Jonah 3

Those who would not destroy their souls must afflict their souls.
God threatens so He will not have to punish,
and makes His judgments conditional upon true repentance.
There is mercy for those who will, before it is too late, confess and forsake their sin.

1 And the word of the LORD came unto Jonah the second time, saying,

2 Arise, go unto Nineveh, that great city, and preach unto it the preaching that I bid thee.

3 So Jonah arose, and went unto Nineveh, according to the word of the LORD. Now Nineveh was an exceeding great city of three days’ journey.

4 And Jonah began to enter into the city a day’s journey, and he cried, and said, Yet forty days, and Nineveh shall be overthrown.

5 ¶ So the people of Nineveh believed God, and proclaimed a fast, and put on sackcloth, from the greatest of them even to the least of them.

6 For word came unto the king of Nineveh, and he arose from his throne, and he laid his robe from him, and covered him with sackcloth, and sat in ashes.

7 And he caused it to be proclaimed and published through Nineveh by the decree of the king and his nobles, saying, Let neither man nor beast, herd nor flock, taste any thing: let them not feed, nor drink water:

8 But let man and beast be covered with sackcloth, and cry mightily unto God: yea, let them turn every one from his evil way, and from the violence that is in their hands.

9 Who can tell if God will turn and repent, and turn away from his fierce anger, that we perish not?

10 ¶ And God saw their works, that they turned from their evil way; and God repented of the evil, that he had said that he would do unto them; and he did it not.

Jonah 3 – ​A Repentant City

   Peter was not only forgiven, but restored to his office; so also was Jonah again sent to Nineveh. Thank God for our second chances! There was no hesitancy this time. The prophet arose and went. The story of his deliverance seems to have reached Nineveh and to have prepared its people to receive his word (Luke 11:30). We must deliver God’s messages and preach only as He bids us. He will tell us what to say.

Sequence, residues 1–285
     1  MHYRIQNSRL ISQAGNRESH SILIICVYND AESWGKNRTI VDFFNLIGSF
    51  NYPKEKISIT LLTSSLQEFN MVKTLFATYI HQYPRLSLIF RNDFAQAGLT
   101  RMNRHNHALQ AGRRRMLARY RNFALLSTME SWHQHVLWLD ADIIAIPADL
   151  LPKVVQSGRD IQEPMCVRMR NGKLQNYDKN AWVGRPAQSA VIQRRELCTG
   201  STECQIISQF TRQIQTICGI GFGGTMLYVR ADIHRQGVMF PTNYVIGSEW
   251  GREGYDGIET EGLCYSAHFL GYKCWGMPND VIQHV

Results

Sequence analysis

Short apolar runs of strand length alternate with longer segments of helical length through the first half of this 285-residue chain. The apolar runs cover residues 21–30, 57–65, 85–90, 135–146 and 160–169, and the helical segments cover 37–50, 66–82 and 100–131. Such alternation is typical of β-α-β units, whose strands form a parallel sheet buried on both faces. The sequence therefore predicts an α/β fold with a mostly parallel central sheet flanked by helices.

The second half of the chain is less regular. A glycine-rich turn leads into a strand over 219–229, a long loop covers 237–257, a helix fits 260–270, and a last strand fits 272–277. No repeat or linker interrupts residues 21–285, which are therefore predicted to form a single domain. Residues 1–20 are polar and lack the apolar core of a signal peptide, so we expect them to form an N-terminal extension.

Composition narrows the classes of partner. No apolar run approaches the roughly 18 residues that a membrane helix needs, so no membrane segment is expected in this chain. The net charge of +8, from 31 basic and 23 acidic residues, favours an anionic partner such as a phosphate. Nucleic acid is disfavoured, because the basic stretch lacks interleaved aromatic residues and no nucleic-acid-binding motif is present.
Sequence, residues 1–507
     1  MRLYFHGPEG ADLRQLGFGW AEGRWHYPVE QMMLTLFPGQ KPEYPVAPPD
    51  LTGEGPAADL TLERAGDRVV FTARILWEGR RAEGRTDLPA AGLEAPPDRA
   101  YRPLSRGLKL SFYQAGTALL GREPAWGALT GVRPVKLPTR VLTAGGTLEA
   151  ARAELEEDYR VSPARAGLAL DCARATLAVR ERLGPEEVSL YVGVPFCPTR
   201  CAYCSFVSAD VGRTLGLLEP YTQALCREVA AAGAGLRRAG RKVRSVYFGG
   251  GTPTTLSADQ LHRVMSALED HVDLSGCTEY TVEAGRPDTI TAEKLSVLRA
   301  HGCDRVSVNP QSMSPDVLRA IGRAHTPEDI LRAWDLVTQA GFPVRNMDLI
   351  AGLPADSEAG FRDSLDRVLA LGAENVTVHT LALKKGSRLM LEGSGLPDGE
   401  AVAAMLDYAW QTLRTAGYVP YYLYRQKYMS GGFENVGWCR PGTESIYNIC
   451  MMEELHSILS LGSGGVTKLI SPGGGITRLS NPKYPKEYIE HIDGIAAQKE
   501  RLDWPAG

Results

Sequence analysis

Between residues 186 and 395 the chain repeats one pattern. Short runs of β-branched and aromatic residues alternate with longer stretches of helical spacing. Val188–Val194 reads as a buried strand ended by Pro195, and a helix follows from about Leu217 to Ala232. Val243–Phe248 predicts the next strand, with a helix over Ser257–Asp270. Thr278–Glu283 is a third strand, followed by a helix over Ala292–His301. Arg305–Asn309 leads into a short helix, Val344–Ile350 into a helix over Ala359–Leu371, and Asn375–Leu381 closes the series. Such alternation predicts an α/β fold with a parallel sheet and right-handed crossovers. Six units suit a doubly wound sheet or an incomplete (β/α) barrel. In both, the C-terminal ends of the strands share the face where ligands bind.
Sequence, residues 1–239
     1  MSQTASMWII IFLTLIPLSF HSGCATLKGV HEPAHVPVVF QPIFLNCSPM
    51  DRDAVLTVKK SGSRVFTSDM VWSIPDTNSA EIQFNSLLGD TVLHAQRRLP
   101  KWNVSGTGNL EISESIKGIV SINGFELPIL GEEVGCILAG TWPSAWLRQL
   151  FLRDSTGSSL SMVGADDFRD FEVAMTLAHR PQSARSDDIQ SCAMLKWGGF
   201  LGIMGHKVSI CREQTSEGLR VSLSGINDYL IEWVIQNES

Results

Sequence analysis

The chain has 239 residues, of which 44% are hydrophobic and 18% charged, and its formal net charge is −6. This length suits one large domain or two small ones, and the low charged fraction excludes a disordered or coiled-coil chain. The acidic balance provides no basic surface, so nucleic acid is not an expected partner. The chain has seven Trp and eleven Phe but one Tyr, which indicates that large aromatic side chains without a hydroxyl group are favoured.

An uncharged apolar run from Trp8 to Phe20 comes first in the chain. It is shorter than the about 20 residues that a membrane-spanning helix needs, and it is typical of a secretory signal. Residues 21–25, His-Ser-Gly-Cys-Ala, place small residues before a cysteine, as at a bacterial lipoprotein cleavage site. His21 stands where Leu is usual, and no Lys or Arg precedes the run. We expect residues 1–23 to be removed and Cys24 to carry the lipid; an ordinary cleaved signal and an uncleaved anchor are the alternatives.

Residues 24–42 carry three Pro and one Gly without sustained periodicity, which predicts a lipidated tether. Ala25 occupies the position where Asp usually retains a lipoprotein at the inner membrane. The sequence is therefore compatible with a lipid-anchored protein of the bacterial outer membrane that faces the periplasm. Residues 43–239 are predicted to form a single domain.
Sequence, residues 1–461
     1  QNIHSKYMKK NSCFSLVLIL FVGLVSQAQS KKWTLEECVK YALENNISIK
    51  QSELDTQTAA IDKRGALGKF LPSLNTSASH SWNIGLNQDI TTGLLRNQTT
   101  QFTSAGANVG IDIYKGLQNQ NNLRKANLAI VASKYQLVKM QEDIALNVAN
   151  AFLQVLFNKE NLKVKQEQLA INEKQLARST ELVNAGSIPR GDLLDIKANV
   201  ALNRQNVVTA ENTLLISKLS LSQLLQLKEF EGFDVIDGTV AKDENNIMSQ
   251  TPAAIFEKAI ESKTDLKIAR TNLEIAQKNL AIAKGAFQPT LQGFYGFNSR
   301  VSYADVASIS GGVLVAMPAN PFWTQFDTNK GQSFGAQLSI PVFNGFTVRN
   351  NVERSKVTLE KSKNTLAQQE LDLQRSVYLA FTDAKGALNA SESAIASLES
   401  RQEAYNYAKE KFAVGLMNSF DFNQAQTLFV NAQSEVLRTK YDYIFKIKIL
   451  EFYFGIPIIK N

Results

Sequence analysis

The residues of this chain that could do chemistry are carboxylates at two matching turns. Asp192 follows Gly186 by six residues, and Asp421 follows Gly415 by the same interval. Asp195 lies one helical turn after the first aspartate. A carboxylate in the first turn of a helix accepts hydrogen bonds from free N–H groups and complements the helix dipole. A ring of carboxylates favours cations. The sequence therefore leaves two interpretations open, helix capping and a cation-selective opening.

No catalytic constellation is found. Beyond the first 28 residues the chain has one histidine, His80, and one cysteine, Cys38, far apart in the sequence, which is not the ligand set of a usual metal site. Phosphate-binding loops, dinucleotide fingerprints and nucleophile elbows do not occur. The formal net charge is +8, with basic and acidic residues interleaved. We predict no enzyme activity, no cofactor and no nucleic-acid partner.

Nineveh is said to have been sixty miles in circuit, the distance of a three days’ journey. It was full of violence and cruelty. But the sight of that strange figure, clad in a rude sheep-skin mantle, smote its conscience. The alarm spread from the streets to the palace. Even the great king felt it within his sculptured chambers. It stirred him to action, so that king and court, peers and people, and even the brute creation, became united in one act of common humiliation. The repentance was city-wide in its scope (Jonah 3:5); was practical (Jonah 3:8); and directed toward God (Jonah 3:9). What a contrast to Israel! There, prophet after prophet was exposed to refusal and even to cruel usage. Whatever fear there may have been upon man’s side, there was no hesitation upon God’s. He abundantly pardoned (Isaiah 55:7)! —Through the Bible Day by Day

Jonah 3:1—The word of the LORD came unto Jonah the second time.

​   We must not presume on this, but we may take it to our hearts for their very great comfort. God’s word may come to us “the second time.” Jonah evaded it the first time; but he was permitted to have a second opportunity of obeying it. Thus it was with Peter; he failed to realize the Lord’s ideal in the first great trial of his apostolic career, but the Lord met him on the shores of the lake, and his word came to him a second time.
   God is not waiting to notice our first failure and thrust us from his service. He waits, with eager desire, to give us the joy and honor of being fellow-laborers with Himself. He waits to be gracious. Therefore, when in our madness we refuse to do his bidding, and rush off in another direction, He brings us back, amid bitter experiences, and says, “Go again to Nineveh with the message that I gave thee originally.”
   How many times He will do this I do not dare to say. He forgives indefinitely, unto seventy times seven; but how often He will re-entrust the sacred message and mission, it is not for me to say. But there is, without doubt, a limit beyond which He cannot go, lest our own character suffer, and the interests of other souls, who may be dissuaded from obedience by our example, should be imperiled.
   How wonderful it is that God should employ us at all! Yet it is like his work in nature. He is ever calling men to co-operate with Himself. He lays the coal up in mines, but man must excavate: He puts the flowers in the wilds, but man cultivates them: He gives the water, but man irrigates the fields. So He longs over Nineveh, but summons sinful men to carry his word. —Our Daily Homily

Jonah 3:3 – Come, take that task of yours which you have been hesitating before, and shirking, and walking around, and on this very day lift it up and do it. (Phillips Brooks)